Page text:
Regardless, utes are not going away as we know them in Australia, nor vehicles with big towing capacities.

Heavy-duty diesel engines and petrol V8s have no end date on them either. But electric motors fed by batteries – and maybe hydrogen fuel stacks – are going to become more common.

And ensuring you can have weekend fun and still be green, electricity will power utes and accessories they will tow. If electricity can power buses and prime movers it can haul a Jayco caravan.

The trend toward electrification even touches on the two vehicles Mr Morrison used as examples as he sought to score points last Monday; the Toyota HiLux utility and Hyundai i30.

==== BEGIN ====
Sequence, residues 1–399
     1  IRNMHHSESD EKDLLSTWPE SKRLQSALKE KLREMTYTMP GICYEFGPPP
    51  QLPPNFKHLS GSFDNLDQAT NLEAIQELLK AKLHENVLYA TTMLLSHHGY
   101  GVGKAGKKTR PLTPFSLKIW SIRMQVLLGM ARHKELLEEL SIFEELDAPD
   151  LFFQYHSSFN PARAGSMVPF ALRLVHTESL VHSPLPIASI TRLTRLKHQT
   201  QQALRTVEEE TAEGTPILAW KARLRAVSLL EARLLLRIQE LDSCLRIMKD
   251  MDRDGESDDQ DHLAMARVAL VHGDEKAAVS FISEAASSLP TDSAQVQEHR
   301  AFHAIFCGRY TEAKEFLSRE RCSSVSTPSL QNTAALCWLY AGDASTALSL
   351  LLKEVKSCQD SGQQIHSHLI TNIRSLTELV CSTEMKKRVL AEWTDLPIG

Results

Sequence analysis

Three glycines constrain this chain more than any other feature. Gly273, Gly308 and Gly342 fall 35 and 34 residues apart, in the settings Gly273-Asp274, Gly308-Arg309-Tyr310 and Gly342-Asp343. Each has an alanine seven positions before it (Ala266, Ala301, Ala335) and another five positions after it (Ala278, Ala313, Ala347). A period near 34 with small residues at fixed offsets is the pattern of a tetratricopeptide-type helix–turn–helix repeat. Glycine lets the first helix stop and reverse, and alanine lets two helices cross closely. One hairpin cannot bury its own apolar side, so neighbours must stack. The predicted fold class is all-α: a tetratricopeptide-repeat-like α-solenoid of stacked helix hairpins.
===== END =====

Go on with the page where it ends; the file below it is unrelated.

Toyota has already committed to electrifying its entire model line-up by 2025. That means, having at least one powertrain that is hybrid in every model range it sells. That presumably includes the HiLux, the number one vehicle sold in Australia today.

Basically, yes, it is unstoppable. All we are arguing over is how. Two policy debates have more importance in that regard. First, the grid:

As Prime Minister Scott Morrison sharpened his attack on Labor’s pledge to massively boost sales of electric vehicles, a new report led by the Australian Renewable Energy Agency has warned that preparations must be made now to avoid grid instability in the future.

The report, obtained by The Sydney Morning Herald and The Age, said action was needed to avoid problems once electric vehicle usage started to spike beyond 2025, but it was difficult to predict the uptake even without changes to government policy.